Friday, November 2, 2007

Mount Rainier National Park: A Year After the Flood

See also the document Flood Recovery Status: One Year Later.

For Immediate Release
Alison Bullock, 304-569-2211 x2336

One year ago this week, Mount Rainier National Park experienced an historic flood that changed the landscape of the park forever. Eighteen inches of rain fell over a period of 36 hours, washing out roads, destroying trails, severing power, telephone and sewer systems, damaging campgrounds, and closing the park for an unprecedented six months.

A year later, the park has made tremendous progress in the recovery process. Throughout the winter and spring of 2007, park crews worked tirelessly to repair roads and restore utilities in the park. Mount Rainier reopened the gates to visitors on May 5th, 2007. Throughout the summer and fall, park staff and volunteers continued to work diligently to restore dozens of damaged sites throughout the park. The Wonderland Trail, a 93-mile trail circling the park, reopened in August, and by mid-November, the major road repair projects in the park will be complete.

“It is an enormous milestone to have all the major road projects finally coming to completion in the park. We cannot thank enough our employees, the many volunteers, and the support of Congress in getting us where we are today,” said Park Superintendent Dave Uberuaga.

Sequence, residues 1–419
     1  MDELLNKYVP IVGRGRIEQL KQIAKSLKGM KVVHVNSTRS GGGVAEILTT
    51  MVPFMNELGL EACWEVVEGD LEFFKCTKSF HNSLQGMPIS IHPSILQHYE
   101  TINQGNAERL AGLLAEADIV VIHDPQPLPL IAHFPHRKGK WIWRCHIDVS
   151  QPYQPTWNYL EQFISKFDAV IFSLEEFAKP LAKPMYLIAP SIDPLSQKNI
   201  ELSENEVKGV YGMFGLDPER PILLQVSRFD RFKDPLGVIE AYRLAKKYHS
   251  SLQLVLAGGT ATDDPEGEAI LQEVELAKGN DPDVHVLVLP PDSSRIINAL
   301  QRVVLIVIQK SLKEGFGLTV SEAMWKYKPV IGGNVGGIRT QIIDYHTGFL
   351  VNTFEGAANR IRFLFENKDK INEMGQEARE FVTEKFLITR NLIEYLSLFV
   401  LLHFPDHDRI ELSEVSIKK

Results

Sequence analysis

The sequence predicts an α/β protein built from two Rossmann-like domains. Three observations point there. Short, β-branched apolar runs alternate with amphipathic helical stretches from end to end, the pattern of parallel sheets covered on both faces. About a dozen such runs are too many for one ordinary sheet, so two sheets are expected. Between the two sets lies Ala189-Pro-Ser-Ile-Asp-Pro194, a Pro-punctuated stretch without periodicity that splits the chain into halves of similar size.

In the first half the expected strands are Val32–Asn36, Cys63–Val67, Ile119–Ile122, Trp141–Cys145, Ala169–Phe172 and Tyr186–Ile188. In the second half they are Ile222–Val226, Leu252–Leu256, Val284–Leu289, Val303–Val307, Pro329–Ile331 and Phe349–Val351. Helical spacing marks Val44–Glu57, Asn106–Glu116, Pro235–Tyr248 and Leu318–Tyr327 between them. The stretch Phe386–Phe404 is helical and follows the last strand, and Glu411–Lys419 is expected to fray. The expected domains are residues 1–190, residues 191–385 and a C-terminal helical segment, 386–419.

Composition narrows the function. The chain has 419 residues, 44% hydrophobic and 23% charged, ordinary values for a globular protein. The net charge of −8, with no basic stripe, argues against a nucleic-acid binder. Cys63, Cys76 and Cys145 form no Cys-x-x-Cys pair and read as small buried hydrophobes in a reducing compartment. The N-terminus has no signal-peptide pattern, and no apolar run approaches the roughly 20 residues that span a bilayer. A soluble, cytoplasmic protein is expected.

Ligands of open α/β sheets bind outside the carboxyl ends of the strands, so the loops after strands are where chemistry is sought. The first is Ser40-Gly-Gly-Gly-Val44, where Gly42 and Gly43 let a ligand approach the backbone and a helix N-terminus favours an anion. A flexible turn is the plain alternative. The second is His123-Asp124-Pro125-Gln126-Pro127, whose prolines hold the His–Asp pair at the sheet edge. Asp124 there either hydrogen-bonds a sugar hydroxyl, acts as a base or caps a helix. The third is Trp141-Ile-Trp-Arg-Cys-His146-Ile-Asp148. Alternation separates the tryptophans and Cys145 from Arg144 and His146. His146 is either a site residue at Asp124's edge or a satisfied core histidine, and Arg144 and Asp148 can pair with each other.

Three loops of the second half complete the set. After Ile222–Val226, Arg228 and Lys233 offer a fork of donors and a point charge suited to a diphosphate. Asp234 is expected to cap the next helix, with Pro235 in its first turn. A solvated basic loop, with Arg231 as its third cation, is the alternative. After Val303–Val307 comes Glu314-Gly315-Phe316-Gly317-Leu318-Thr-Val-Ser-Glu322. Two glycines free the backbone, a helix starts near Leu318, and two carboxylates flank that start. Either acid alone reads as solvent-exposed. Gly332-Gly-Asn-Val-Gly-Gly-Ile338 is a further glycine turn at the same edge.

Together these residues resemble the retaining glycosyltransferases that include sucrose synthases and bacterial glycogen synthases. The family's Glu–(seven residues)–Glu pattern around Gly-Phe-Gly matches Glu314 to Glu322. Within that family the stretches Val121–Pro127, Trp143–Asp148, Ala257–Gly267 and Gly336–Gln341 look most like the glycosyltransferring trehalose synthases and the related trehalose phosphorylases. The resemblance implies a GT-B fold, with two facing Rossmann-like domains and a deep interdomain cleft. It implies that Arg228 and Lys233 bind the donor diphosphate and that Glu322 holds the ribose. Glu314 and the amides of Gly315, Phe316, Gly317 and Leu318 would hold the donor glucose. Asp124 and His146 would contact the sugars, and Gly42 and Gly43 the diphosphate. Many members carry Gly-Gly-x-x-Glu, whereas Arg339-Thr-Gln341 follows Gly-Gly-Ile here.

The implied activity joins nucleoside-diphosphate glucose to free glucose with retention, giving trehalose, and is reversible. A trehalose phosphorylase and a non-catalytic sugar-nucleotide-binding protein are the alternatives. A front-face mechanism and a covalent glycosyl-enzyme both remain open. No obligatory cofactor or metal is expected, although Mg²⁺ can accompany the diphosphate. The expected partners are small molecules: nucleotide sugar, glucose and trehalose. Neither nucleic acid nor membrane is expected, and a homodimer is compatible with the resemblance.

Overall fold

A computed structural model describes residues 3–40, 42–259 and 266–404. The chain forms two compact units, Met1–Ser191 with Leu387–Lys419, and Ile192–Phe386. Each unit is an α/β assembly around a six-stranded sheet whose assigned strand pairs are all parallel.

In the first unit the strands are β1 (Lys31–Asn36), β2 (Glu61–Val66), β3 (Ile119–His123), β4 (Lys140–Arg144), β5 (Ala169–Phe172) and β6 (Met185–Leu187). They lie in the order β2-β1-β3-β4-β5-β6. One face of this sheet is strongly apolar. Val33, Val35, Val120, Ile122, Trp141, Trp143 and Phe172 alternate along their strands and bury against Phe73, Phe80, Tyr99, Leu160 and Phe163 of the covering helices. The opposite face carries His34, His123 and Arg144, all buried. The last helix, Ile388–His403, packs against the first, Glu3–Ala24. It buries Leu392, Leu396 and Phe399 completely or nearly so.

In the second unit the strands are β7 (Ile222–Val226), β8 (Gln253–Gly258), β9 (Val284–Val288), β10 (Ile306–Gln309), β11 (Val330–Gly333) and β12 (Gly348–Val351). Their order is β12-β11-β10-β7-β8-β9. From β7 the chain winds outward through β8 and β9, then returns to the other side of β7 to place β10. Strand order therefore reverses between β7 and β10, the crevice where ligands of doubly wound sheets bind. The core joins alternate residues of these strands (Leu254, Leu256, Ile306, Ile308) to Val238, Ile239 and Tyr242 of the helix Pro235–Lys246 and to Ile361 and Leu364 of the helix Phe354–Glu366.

Mount Rainier received a record 80,000 hours of volunteer support in 2007, amounting to $1.6 million in value to the park. The efforts of partner organizations such as the Northwest Storm Recovery Coalition, the Student Conservation Association, the National Park and Conservation Association, Washington’s National Park Fund, the Mountaineers, the Washington Trails Association, and businesses such as Recreational Equipment Incorporated (REI) and Starbucks have been extraordinary.

Much work is still to be done. Attention is now focused on shoring up flood protection for the rainy season to protect park infrastructure and the historic assets of the park. The trails system, however, may take years to fully recover. Decisions are still on the horizon as the park is developing alternatives for how to provide public access to the Carbon River area and major trail rerouting projects on the Carbon River and Glacier Basin trails.

In 2008 the park will need the continued support of volunteers and partnering organizations to fully complete the recovery of the park. Most of the recovery work ahead is in the backcountry on trail projects and remote backcountry structures.

Initial estimates for flood recovery were projected at $36 million. Due to the support of volunteers and the use of park crews for much of the repair work, estimates have been revised down to $24-27 million over the two year recovery period. Superintendent Uberuaga attributes the cost savings to the use of existing park crews to perform a majority of the recovery work. Lower cost alternatives were chosen on projects such as Kautz Creek, where park crews were able to install culverts in lieu of major bridge construction. Solutions were engineered with consultants to apply alternative methods to road repair projects at White River, where an estimated $1 million repair was completed for only $400,000 by using river barbs, a lower cost alternative, instead of rip rap. Volunteers also did a great deal of routine recurring maintenance on roads, trails and campgrounds, allowing park crews to focus on more complex repairs to the park.

For more information on the recovery of Mount Rainier National Park, visit the park’s website at


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